# [r-t] Definitions so far

Don Morrison dfm at ringing.org
Tue Jan 20 21:36:46 UTC 2015

```Thanks for the prompt reply. Here are some easy re-replies; some
of the other points I'm going to have to digest more carefully

On Tue, Jan 20, 2015 at 4:00 PM, Richard Smith <richard at ex-parrot.com> wrote:

If you, who has ready opportunities to ring at St Edward King and
Martyr, are not worried about psychoacoustics, I'm sure not going to.

>>> For example, in Minimus the single change that swaps the bells
>>> in seconds and thirds place is denoted '14', as places are
>>> made in first and fourths place.  Bell symbols are used for
>>> places above ninths place.

Just noticed something I missed the first time around: would it not
be better to say "bell symbols" all the way around, rather than
thinking numbers for <= 9 and symbols for > 9?

> The place notation of a block needs separators, but here I'm defining the
> place notation of a change.

Oops, sorry, missed that nicety!

> Let me have a go at reformulating these two definitions.
>
> 1.  A /block/ is a finite sequence of one or more rows, listed
> in the order they are to rung, together optionally with a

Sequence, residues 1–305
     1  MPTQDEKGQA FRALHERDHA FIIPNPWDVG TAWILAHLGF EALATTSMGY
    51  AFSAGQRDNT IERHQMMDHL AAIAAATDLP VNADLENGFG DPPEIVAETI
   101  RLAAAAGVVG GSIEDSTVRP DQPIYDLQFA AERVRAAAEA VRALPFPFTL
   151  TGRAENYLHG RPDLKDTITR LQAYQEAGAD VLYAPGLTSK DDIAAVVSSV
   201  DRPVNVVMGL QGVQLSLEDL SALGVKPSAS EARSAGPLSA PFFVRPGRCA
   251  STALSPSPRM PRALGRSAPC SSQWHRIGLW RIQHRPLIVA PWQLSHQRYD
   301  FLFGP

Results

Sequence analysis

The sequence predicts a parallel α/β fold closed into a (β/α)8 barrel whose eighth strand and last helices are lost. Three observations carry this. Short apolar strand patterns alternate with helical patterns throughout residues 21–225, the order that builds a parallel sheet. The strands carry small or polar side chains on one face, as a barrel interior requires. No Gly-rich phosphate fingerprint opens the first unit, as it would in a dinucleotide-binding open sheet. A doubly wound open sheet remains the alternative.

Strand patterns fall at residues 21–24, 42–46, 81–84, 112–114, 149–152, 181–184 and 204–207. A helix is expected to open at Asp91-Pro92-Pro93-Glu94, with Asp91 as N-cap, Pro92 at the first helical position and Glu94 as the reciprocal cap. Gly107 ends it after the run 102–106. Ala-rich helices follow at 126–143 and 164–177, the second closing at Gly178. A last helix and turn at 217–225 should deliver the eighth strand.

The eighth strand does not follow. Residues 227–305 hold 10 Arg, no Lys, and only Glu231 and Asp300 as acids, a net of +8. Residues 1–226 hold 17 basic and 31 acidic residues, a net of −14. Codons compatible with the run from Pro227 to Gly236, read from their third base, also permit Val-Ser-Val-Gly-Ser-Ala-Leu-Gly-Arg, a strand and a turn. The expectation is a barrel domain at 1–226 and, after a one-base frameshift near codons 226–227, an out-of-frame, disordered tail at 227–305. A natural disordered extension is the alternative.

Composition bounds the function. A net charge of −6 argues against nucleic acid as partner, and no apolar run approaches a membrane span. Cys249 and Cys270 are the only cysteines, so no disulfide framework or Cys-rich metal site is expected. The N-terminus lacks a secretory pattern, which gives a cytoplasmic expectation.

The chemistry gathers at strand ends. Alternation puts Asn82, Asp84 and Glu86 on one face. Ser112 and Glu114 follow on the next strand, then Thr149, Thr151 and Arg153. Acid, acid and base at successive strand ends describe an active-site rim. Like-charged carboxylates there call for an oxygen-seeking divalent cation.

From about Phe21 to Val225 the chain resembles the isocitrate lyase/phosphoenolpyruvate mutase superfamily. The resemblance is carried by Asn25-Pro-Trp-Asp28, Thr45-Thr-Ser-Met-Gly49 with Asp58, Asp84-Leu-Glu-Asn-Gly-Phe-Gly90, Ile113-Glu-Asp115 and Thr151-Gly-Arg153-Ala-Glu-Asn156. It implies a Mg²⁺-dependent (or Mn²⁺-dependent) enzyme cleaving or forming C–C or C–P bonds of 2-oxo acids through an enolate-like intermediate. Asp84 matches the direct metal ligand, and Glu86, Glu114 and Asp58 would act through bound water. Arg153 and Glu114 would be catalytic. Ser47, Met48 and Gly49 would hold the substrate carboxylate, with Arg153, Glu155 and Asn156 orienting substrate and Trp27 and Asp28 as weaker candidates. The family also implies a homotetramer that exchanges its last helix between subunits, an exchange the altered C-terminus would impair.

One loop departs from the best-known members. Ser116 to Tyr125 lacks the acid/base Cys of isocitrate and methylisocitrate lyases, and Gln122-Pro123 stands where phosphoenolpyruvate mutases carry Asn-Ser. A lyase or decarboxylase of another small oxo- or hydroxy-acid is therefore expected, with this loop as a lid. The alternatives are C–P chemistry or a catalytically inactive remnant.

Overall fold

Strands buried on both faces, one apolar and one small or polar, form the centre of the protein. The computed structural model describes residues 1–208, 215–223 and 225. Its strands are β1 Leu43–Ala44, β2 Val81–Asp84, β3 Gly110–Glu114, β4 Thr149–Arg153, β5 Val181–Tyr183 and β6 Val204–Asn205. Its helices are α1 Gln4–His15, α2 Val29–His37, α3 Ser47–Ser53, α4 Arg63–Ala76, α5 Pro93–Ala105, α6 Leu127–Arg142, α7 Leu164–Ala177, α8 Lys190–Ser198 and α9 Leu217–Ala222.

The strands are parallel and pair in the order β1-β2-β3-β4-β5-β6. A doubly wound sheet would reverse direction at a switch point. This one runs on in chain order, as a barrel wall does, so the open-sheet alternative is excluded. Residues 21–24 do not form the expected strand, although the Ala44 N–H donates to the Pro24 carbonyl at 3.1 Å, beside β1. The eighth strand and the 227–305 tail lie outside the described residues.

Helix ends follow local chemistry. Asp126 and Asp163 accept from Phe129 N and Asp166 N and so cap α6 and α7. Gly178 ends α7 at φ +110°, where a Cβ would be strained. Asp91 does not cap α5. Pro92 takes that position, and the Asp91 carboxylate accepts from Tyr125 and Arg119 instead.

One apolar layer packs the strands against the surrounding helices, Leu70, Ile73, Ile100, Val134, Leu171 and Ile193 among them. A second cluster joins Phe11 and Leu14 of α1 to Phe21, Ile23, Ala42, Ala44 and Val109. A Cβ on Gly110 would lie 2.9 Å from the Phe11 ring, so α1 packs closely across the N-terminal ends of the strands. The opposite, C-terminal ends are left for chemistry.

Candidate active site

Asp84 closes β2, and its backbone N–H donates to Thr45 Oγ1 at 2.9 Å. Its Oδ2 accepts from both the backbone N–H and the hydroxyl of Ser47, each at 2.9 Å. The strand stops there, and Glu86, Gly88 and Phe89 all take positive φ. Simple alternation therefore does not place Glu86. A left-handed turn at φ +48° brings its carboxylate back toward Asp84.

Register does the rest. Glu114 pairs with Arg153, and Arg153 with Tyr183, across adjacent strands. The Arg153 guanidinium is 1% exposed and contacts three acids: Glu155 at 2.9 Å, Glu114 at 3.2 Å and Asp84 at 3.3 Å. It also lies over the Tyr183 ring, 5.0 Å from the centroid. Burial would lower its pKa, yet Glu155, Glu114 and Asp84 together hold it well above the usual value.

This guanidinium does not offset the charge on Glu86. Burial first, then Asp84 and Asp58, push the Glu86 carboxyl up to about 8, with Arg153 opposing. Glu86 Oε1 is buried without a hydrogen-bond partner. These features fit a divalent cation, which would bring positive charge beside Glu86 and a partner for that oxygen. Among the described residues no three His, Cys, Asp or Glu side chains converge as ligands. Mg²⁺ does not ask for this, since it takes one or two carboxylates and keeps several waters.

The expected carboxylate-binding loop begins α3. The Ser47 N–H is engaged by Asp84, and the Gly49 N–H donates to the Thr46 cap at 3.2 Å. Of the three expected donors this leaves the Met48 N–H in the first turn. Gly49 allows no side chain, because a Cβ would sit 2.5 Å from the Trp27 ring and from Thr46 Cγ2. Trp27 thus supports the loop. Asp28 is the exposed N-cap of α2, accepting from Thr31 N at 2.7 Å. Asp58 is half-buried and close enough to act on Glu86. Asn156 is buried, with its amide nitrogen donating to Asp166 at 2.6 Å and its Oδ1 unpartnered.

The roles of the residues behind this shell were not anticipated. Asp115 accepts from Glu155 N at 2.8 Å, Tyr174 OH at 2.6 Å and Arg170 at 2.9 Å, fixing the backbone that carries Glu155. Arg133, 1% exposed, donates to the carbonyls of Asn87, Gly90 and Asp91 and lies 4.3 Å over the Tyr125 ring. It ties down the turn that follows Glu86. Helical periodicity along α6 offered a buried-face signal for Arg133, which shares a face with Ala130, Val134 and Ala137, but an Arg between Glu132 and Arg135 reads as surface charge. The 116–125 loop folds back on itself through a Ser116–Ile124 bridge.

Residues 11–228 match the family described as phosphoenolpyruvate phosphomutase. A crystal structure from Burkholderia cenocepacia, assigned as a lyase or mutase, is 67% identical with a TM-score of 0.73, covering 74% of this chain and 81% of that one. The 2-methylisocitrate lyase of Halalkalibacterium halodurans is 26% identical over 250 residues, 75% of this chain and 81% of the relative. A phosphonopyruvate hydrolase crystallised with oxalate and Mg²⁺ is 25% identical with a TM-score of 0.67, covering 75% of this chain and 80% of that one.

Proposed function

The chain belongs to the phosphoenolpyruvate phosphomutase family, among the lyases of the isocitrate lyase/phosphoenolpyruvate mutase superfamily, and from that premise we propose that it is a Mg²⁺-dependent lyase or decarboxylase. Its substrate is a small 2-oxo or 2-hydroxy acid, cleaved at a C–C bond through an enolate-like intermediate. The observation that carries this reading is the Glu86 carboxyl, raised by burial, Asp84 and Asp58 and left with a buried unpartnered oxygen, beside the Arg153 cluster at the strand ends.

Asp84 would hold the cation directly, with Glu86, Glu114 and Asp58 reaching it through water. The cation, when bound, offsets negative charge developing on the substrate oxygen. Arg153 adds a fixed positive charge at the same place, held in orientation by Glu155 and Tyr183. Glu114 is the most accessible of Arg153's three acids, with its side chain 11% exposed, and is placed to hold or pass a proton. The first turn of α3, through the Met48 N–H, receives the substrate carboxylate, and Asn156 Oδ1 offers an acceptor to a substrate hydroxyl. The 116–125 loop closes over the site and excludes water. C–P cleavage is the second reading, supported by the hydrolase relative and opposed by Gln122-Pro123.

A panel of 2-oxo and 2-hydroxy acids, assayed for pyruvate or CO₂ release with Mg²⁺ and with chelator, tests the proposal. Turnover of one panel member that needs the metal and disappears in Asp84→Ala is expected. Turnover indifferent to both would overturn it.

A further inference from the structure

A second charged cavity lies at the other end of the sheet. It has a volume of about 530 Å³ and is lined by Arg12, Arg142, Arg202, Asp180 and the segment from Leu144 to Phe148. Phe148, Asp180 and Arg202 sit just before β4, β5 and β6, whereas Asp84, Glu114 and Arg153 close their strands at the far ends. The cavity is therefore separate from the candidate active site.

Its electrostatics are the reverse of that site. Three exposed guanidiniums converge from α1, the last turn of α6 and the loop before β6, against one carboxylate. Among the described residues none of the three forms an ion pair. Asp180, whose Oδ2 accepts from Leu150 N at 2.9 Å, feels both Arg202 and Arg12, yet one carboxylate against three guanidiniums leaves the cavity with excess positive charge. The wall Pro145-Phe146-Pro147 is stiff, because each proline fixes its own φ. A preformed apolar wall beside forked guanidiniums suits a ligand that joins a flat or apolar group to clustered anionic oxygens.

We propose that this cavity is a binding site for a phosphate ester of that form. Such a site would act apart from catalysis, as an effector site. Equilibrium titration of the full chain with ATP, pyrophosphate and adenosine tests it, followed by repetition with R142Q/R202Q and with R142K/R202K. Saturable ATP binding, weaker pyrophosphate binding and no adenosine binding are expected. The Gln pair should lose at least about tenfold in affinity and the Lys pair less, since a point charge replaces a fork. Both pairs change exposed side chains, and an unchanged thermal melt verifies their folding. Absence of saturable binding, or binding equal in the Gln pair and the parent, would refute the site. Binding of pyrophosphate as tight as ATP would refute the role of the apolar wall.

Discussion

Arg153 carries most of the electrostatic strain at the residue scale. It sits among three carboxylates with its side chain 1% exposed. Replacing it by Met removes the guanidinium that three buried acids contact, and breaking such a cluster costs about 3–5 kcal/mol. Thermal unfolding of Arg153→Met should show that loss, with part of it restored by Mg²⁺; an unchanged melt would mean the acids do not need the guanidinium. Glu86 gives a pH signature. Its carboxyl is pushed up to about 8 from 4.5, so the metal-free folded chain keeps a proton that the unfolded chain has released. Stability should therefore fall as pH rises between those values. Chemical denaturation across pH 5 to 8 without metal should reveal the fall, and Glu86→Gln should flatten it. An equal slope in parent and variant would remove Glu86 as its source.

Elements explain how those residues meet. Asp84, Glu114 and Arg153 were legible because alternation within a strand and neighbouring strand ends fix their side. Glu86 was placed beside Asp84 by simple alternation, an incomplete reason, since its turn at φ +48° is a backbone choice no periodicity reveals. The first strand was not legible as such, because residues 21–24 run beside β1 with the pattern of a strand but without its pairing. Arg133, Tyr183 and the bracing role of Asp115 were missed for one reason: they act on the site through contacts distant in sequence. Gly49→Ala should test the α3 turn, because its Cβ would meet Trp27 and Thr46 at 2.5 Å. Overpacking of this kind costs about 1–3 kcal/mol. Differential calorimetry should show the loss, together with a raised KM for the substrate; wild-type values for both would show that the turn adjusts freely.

> change referred to as its /block-end change/.

I think "to be rung"?

> 2.  A block may be divided into /sub-blocks/ whose rows are a
> sequence of contiguous rows from the parent block.

This seems to be saying we partition a block into sub-blocks, rather
than simply extracting a sub-block out of a block. It's not clear
that there's anything wrong with that, it's just a little surprising.

I think I might phrase it something more like "a sub-block of a block,
the parent block, is itself a block whose rows are a sequence of
contiguous rows from the parent block". Either that, or explicitly
state that the sub-block, too, must contain one or more rows. I
realize that immediately after the preceding sentence you do say "a
sub-block is a block" but that sounds more like it's being stated as a
consequence of the definition, rather than as another clause of the
definition.

> A
> sub-block is a block.  If the sub-block's rows do not include
> the last row of the parent block, then its block-end change is
> the change describing the progression from the last row of the
> sub-block to the first row not included in the block.
> Otherwise the sub-block's block-end change is the block-end
> change of the parent block, if it has one.
>
> 3.  A block without a block-end change is called a /terminal
> block/, and a block with one, a /non-terminal block/.

I think I'd exchange 2 and 3: that is, define all of block, terminal
block and non-terminal block before starting to worry about
sub-blocks.

--
Don Morrison <dfm at ringing.org>
"After all these years I have observed that beauty, like happiness,
is frequent. A day does not pass when we are not, for an instant,